There are lots of way to invest your money, but the most common way, the one most investors take part in, and follow, is to invest in common stocks. The simple definition of a share of common stock: Equity in a publicly traded company. A single share of stock is a piece of ownership of a company, and affords the same rights as other owners.
The problem is that a single share of the company gives an almost infinitesimal share of a company traded on the stock market. For instance, at this time, Bank of America has 10.54 billions shares outstanding. So, a single share has an ownership percentage of 0.0000000000949, or 9.49E-11 in scientific notation.
An ownership percentage such as this, or even 100 or 1000 times that isn’t going to give you much leverage in how the company is run. So, we can discount any ownership advantages that shares might bring the small investor.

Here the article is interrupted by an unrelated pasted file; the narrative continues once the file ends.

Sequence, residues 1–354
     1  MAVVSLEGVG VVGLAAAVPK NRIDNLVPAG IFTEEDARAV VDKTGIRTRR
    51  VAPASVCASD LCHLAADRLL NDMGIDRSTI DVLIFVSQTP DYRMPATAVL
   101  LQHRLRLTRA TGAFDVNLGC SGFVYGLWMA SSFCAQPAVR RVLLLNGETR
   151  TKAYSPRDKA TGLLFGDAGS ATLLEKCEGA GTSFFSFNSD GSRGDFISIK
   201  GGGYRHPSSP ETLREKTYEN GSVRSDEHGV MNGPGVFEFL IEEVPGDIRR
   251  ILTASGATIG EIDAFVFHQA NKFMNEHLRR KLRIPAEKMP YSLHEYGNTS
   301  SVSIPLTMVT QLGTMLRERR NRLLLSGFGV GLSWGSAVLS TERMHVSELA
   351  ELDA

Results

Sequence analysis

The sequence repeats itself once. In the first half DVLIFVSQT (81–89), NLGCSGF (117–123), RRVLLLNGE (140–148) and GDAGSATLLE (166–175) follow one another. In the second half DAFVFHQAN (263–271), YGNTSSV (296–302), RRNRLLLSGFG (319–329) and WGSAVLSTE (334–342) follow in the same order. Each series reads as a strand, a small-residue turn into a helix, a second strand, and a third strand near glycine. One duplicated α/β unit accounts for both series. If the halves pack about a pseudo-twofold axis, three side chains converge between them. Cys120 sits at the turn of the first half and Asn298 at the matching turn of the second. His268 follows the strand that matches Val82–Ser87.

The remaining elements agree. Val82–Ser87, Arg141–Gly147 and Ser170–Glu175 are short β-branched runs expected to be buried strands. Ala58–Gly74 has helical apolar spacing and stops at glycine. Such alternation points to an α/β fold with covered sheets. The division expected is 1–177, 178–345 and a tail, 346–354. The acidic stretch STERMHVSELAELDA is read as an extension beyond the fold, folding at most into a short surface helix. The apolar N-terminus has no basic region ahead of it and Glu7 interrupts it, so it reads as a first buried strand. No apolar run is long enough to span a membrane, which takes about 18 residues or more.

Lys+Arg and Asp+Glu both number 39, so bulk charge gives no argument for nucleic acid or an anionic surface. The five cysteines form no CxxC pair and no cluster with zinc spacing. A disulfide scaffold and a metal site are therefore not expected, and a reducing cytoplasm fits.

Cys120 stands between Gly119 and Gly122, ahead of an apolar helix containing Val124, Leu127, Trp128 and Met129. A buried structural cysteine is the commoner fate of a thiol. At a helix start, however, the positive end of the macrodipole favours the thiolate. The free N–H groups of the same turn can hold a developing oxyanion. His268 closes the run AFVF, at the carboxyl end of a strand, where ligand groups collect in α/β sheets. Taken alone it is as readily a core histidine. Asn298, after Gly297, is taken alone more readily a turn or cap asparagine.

Therefore, the reasons for owning a publicly traded stock are pretty much limited to the ability to make money off of the investment. There are two main ways of accomplishing this:
- Selling the stock to someone else at a higher price than you paid.
- Receiving cash dividend payments
Sounds simple, right? In concept, it is. Making it happen consistently is beyond the reach of most small investors. It is, studies show, even beyond many professional investors.
The reasons why this is so difficult will be explored in the first section of this book. If this gets too depressing, feel free to put the book down, (or more accurately, shutdown the computer or e-reader) and take a break. Be sure to come back, though. Knowing the downside of investing in stocks might save your financial fortune.